I've had trouble finding an Opteron 1352, 1354 or 1356 Opteron CPU lately -- might not be made anymore. Also, I haven't seen many M2N-L motherboards for sale lately either. My M2N-L came with the latest BIOS so I didnt have to flash it like I had to do with the other motherboards.

The other good thing is the M2N-L motherboard takes a standard ATX power supply with a 24 pin connector. Also, I've put some standard DDR2 PC2-6400 G.Skill memory in and that works fine. The board came with what was described 8gb of ECC memory but on closer look I think it was just standard DDR2 non-ECC. It worked so I didnt look closely at it until recently when I started swapping parts for a different box that had other duties.

Datto

Message was edited by: Datto

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msalmon1
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Datto. Thank you for your responses, you have been a great help. One other question, what about speed. is there any slowness in your cluster, given that you are not using enterprise class servers?

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Datto
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As more VMs get loaded onto the ESX hosts in my home lab and more VMs traverse to and from the OpenFiler storage, performance does slowdown a bit. The bottleneck is definitely the performance of the OpenFiler storage but that's all the money I'm willing to put toward a home lab at the moment so it's good enough. At the office it's all professional-level IBM and EMC equipment so I don't have any performance problems at the office nor in the data center.

Here's a tip for using OpenFiler on slow hardware -- make smaller LUNs with fewer VMs per OpenFiler LUN and then create more LUNs on the OpenFiler box. That will get you more VMs per OpenFiler box with better performance than piling all the VMs into a single OpenFiler iSCSI LUN. I usually put no more than 4-5 light-duty VMs on a single OpenFiler iSCSI LUN on the slow OpenFiler hardware that I'm using at the moment in my home lab. It's more management but overall it's a better payoff than trying to muscle all the VMs off a single LUN or two.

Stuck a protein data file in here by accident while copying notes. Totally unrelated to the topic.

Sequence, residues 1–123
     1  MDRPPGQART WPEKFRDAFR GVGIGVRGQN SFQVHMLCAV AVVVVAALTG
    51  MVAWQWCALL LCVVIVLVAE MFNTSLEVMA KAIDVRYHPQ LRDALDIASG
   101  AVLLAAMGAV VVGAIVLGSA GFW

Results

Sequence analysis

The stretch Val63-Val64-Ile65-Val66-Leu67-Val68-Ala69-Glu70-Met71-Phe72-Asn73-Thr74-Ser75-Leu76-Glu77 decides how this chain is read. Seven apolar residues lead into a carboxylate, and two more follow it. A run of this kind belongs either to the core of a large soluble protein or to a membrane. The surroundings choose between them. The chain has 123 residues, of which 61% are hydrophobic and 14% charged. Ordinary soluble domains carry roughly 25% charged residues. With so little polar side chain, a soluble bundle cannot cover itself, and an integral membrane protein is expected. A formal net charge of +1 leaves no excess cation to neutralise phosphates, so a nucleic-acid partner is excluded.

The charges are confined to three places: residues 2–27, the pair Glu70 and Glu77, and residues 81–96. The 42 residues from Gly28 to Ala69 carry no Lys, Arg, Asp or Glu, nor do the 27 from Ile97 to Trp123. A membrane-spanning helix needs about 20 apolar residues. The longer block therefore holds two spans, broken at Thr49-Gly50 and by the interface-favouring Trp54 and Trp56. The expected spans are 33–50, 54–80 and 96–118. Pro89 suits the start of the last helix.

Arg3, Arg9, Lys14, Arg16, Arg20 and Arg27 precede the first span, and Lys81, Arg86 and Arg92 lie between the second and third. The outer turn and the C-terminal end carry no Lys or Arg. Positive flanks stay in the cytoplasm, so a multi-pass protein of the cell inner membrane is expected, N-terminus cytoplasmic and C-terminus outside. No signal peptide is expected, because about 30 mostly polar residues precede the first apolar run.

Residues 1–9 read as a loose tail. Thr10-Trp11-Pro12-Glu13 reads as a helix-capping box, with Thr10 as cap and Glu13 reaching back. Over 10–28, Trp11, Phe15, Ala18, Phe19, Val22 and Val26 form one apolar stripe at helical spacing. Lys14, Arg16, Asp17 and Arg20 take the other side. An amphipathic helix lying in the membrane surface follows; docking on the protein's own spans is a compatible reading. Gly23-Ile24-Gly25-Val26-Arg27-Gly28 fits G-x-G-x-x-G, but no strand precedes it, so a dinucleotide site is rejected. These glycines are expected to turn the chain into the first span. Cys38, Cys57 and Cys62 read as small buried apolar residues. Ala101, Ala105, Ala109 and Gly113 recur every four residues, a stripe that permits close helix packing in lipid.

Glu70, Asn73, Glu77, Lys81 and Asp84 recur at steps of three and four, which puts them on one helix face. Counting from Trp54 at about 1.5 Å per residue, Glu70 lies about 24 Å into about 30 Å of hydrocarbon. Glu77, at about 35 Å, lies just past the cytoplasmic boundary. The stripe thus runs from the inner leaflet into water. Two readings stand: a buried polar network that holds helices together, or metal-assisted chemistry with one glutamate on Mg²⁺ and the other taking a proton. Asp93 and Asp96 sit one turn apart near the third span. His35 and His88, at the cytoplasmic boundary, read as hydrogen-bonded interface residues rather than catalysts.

Datto

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Datto
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Also, I have returned to experimenting with nesting ESX 4.0 VM hosts running on a physical ESX 4.0 server, then running VMs on the nested ESX 4.0 VMs. This gives me capability to create throw-away ESX 4.0 hosts running in virtual machines if I want to look at something interesting (or try out some new PowerCLI scripts) but don't want to endanger the physical ESX hosts in my home lab. It's been quite a bit of work to get that nested environment set up (an embarrasing amount of after-hours time invested in it) but I'm starting to utilize the nested ESX 4.0 VMs more frequently now.

Datto

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msalmon1
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I have not been able to find a lot of the systems referenced in various blogs, in the USA.

It appears that all the good systems at a reasonable cost are in Europe. Why is that?

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Datto
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I guess Europeans (and elsewhere) have to be more miserly with capital expenditures (personal or corporate). North Americans seem to want to purchase pre-built servers (first line or eBay second hand) from the Big 3 so there isn't any effort needed to build the box/experiment with less expensive components -- that approach removes most of the risk that one or more items in a white box might not be compatible with ESX now and in the future (at a somewhat higher cost per server).

Of course, we're talking home lab here, not production equipment where someone's job depends upon it working properly and VMware will come to the rescue if something goes bad.

Datto

Message was edited by: Datto

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msalmon1
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Well, I am in a bind! want to build two systems that will work with all of ESX 3.5/4.0 features, but I can't afford high servers. I would prefer to buy the systems in the states, where returns and replacements are better accommodated, but the systems that I can afford are not readily available here. Do you have any other recommendation for a home lab?

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Datto
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Here are my Top Ten money saving suggestions for building an ESX home lab for cheapskates -- note these suggestions are for people who have more time available than they have money available. If you're looking for something that will provide the most compatibility with the least amount of risk and the least amount of time invested, then you should buy a pre-built Dell, IBM or HP server that is listed as being compatible with ESX(I) 4.0 on the VMware HCL (Hardware Compatibility List). Don't use any of the ideas listed below for anything remotely close to production.